I was travelling in Jumla, a remote district in mid-western Nepal in 1992, when I became acutely aware of how scary diahorrea can be. I was all of 19 years old. I’d flown there on a rickety plane that landed in a small runway. The plethora of tea-shops that I was assured, by the non-governmental organization that had hired me and had sent me out, were in existence and would take care of my food and lodging never materialized. Instead, there were small homes selling a few items-perhaps a biscuit packet, some cigarettes or matches. Tea was still a luxury.
After tramping around the villages for six weeks, and living off fox tailed barley bread sprinkled with salt and chilli, and recording stories of mysterious deaths on the side (“my sister was walking back home to her husband’s house and she fell down dead on the way”, “about seventeen people have died in that village that-a-way, we don’t know why”) my fellow guide suggested we try to climb up to Rara lake. “It will take only half a day,” he said. This sounded like an adventure and I agreed.
Halfway up the mountains, however, two things became apparent to me: first, that I had severe diahorrea. I suspected it could be giardia. And second, our water had run out, and I was quite pleased and happy to sit down on the trail, look at the mushrooms, and not move. A pleasant drowsy haze fell over me. My guide took one look at me and realized the state of affairs: I could hear him crashing down the bear-infested jungle to get to the river to get me that precious bottle of water. After the bottle, and a few sugar candies (how little do people realize how precious those sugar candies are!), I was able to get up and walk again. Obviously, we didn’t make it to Rara Lake that time.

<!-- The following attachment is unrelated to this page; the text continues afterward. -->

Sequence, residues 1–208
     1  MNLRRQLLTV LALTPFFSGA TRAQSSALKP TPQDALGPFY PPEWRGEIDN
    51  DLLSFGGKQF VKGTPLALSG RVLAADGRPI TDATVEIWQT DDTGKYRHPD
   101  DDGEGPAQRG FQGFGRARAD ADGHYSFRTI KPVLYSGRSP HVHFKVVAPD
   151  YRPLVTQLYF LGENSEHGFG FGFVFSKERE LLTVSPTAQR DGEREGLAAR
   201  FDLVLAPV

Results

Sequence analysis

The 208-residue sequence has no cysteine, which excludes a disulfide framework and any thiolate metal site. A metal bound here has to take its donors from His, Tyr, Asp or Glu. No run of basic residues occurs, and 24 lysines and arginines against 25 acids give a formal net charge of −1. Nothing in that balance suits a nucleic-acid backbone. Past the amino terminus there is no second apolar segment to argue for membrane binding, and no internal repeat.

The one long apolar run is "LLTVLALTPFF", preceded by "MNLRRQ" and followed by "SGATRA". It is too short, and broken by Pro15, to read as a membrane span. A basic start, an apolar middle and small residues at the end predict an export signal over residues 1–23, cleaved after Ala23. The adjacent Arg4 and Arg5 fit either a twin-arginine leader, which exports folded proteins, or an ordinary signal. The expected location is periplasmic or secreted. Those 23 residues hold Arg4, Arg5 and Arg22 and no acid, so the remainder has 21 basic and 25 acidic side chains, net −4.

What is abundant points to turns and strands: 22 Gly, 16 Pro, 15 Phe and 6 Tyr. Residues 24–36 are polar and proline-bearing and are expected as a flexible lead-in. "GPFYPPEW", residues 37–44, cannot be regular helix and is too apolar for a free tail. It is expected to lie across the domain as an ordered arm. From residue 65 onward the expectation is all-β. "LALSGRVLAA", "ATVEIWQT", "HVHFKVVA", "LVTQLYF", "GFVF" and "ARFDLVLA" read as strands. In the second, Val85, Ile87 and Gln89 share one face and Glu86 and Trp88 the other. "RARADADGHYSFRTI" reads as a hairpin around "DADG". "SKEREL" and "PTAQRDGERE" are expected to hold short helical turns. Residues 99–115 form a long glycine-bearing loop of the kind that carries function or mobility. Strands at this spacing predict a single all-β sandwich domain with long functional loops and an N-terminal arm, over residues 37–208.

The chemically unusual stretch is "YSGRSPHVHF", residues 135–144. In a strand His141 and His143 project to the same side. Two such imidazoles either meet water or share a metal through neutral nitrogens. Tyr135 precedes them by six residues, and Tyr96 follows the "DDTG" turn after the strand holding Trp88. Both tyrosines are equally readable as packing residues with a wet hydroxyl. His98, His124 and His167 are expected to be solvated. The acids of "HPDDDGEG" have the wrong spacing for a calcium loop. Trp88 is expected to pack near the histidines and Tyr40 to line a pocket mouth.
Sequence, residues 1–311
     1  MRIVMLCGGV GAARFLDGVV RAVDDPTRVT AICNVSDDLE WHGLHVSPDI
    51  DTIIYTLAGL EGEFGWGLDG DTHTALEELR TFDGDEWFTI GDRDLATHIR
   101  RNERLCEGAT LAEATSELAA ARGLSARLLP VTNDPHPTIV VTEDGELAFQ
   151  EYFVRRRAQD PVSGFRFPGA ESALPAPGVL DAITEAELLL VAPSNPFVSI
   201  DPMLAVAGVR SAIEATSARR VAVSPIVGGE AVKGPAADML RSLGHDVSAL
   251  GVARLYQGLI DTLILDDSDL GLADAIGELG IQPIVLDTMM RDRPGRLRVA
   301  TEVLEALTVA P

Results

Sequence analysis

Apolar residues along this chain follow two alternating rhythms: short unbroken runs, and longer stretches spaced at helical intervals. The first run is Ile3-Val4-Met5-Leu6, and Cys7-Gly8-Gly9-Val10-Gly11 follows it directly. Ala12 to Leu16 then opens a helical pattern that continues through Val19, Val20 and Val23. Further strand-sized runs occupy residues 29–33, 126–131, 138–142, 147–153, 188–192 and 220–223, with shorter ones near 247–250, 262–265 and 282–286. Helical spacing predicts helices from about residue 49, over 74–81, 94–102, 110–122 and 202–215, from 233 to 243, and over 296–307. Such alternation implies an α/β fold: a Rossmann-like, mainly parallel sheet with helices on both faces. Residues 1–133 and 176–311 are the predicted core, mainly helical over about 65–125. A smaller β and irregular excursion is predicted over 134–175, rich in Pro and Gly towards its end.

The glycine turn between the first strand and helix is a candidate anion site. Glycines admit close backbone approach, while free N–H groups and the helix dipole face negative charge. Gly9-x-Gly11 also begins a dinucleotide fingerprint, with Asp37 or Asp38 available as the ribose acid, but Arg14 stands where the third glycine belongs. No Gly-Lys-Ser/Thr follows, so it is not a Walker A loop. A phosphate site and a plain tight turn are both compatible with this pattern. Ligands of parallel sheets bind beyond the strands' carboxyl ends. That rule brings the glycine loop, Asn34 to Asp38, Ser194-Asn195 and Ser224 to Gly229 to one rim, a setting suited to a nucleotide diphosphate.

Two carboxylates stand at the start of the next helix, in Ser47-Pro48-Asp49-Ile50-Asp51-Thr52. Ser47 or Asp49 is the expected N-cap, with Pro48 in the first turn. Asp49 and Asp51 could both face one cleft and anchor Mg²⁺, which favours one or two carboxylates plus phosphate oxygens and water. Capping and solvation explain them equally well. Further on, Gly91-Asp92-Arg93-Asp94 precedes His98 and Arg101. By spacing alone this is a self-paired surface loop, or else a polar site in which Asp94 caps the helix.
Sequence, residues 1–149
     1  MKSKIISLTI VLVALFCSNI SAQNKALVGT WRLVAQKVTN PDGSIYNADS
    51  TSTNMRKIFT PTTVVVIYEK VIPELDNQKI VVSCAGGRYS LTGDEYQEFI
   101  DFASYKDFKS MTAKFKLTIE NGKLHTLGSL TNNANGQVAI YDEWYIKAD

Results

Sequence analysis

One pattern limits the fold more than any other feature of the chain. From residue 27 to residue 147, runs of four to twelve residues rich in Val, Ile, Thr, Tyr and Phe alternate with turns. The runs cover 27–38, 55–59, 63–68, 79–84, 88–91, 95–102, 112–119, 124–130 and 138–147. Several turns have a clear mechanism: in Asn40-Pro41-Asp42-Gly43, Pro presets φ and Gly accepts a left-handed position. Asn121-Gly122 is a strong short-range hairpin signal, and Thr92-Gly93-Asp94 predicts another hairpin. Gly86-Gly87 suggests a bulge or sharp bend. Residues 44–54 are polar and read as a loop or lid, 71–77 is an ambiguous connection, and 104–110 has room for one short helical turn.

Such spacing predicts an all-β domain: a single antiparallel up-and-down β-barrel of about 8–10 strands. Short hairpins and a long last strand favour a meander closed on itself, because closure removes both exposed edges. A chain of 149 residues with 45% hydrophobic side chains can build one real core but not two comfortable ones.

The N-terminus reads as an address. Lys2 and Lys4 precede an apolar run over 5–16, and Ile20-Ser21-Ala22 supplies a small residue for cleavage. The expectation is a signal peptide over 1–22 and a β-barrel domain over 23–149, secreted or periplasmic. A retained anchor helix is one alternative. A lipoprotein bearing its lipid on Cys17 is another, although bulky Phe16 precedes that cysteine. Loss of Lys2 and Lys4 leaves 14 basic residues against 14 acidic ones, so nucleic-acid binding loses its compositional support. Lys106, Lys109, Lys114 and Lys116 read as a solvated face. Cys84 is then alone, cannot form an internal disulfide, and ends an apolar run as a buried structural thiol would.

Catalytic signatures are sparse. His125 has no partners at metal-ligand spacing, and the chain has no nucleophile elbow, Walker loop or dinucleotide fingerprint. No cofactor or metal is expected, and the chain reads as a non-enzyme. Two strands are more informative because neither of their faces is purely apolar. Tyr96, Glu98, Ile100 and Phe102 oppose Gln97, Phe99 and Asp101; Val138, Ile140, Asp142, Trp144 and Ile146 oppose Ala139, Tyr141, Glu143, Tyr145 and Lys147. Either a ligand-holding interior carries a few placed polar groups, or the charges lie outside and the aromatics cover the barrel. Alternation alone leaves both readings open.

Here’s a description in Wikipedia about the trek, written by travel writer Ethan Gelber. Note we tried to do it in half a day:
Although more trampled than in the past, the road to Rara Lake is still without any of the comfortable services available along more popular trails. Logistically it is not an easy trek; it is hard to get to and from, and it is an organizational challenge, requiring informed guides and porters to tote the two weeks' worth of material that will keep you warm, dry and fed. It is also tough on the bones, involving several 11,000-foot passes. However, once you overcome the obstacles, the rewards are legion: few if any other trekkers, incomparable natural splendor, "untouched" villages, blissful quiet.…
Since that day, I often think about the people who don’t get the bottle of water, and who die from simple dehydration. Nepal often gets epidemics of choleras and diahorrea even now—ebola is obviously of great concern. If ebola makes it to Nepal, legions of people will die due to an apathetic government and unevenly run government health posts and beaureaucracies.
Because of this experience, I’ve often had great interest in medication that can stop diahorrea. Anybody who’s tried the Western medication available on the markets may have experienced what I did—the sense of being “stuffed up,” and which disrupts digestion and well being for a few days. Undoubtedly the diahorrea does stop, but the sense of unease doesn’t.
Recently, a herbal dealer from the same district Jumla sold me an herb called “bhotay khayyar.” It resembles a betelnut, and the man assured me he would pop a small bit into his mouth while he walked, and it had no adverse effects. More to the point, he said, this herb stops diahorrea and “blood in stools.” He titled this condition “Ragatmasi.” I didn’t know anybody who got ragatmasi, but since diahorrea was a common problem, I bought a handful from him. On a recent visit to Kapilvastu, when I again got diahorrea from eating the tempting but dangerous street food from a chat-wallah, I took a bit of the bhotay khayyar. Almost like the Western medication, it stopped the diahorrea-but gave me terrible gas and a feeling of being “stuffed up.”